Exercising jurisdiction under 28 U.S.C. §§ 1291 and 1292(a)(1), we vacate in part and remand for further proceedings.


         Todd Murray, a Ute tribal member, died on April 1, 2007, following a police pursuit. Murray was a passenger in a vehicle that Utah State Trooper Dave Swenson attempted to stop for speeding near to, but outside of, the Reservation. Uriah Kurip, the driver, failed to stop and turned onto the Reservation. After an approximately thirty-minute chase, the vehicle ran off the highway and Kurip and Murray jumped out. Swenson exited his patrol car with his gun drawn and ordered Kurip and Murray to the ground. Kurip and Murray fled in opposite directions. Swenson apprehended Kurip quickly without further incident.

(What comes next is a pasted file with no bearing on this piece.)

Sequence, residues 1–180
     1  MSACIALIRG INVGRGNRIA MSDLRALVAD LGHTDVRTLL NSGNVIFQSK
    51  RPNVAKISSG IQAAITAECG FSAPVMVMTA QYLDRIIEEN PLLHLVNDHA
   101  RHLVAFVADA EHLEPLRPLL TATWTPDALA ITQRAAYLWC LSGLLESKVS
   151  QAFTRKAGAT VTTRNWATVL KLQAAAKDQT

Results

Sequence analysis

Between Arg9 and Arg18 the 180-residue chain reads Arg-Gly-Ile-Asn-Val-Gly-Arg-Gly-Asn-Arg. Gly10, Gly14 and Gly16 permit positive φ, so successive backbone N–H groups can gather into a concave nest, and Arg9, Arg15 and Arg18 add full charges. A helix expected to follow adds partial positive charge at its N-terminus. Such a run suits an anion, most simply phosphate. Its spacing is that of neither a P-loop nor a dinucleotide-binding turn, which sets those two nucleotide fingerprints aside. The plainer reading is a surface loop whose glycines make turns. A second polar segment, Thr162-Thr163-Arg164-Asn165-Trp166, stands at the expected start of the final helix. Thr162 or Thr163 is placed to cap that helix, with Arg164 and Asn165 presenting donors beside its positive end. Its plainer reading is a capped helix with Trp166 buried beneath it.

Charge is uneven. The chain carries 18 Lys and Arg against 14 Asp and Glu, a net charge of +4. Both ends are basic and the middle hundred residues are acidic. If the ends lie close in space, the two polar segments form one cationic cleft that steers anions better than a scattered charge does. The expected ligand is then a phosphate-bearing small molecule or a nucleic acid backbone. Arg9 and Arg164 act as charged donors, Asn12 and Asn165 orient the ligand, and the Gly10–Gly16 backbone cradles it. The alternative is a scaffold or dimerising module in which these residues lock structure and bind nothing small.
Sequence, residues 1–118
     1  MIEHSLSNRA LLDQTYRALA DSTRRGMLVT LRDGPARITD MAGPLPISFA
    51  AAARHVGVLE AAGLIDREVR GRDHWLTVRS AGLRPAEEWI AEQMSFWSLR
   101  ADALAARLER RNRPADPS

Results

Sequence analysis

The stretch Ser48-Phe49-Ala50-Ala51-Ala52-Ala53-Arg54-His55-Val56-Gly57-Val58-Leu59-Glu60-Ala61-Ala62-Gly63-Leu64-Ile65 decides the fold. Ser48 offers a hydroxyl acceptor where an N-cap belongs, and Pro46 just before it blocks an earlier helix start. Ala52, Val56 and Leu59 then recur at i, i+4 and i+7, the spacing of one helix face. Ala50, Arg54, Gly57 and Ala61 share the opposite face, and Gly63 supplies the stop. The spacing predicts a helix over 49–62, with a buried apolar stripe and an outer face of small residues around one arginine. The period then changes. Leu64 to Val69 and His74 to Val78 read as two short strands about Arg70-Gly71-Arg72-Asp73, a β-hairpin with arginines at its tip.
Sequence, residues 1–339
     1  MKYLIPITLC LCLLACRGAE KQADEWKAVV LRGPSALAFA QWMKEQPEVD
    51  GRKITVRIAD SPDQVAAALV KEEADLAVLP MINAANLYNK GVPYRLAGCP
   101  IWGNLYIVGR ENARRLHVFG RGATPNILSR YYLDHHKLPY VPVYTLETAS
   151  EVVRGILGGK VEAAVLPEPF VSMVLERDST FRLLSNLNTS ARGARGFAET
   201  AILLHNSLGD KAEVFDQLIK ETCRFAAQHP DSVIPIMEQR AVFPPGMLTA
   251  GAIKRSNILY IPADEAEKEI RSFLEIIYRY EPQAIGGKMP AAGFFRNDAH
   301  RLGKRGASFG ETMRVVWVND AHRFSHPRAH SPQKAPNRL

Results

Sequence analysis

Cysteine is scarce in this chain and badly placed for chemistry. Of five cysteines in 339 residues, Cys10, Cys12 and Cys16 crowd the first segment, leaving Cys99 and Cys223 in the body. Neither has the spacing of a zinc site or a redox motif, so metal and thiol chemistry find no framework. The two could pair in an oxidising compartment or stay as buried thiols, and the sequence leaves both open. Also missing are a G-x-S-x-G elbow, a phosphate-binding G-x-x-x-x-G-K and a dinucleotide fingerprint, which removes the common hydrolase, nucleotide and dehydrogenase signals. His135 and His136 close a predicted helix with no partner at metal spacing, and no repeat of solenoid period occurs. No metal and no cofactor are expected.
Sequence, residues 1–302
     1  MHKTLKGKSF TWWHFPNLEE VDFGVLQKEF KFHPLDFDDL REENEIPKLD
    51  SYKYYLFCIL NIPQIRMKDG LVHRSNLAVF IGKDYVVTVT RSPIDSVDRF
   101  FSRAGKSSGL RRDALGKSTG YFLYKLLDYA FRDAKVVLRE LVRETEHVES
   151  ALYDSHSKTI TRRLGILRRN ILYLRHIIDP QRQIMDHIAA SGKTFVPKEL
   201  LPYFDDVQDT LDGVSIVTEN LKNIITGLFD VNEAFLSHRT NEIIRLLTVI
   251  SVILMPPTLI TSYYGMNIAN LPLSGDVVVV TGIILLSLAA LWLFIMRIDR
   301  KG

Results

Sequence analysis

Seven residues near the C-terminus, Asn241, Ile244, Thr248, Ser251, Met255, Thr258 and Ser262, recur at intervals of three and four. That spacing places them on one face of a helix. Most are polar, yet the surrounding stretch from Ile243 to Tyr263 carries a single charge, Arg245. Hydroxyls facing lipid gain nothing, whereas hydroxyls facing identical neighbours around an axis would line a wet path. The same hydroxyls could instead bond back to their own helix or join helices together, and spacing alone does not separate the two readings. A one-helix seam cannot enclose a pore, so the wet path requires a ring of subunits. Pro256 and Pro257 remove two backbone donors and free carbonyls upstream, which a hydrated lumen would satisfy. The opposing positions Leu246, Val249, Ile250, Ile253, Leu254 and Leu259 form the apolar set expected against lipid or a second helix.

Shortly after Swenson returned to his vehicle with Kurip, Vernal City Police Officer Vance Norton, Utah Highway Patrol Trooper Craig Young, and Uintah County Deputy Anthoney Bryon arrived on the scene. None of these officers, including Swenson, were cross-deputized to exercise law enforcement authority on the Reservation. When the additional officers arrived, they began searching for Murray. Norton pursued Murray over tribal trust lands located more than twenty-five miles within the Reservation. After finding Murray, Norton ordered him to the ground but Murray did not obey. Norton fired two shots toward Murray. Murray died from a gunshot wound to the head. The parties disagree whether Murray shot himself or was shot by officers. Raymond Wissiup, a Ute tribal member and certified law enforcement officer, arrived shortly thereafter, but the officers prevented him from accessing the scene.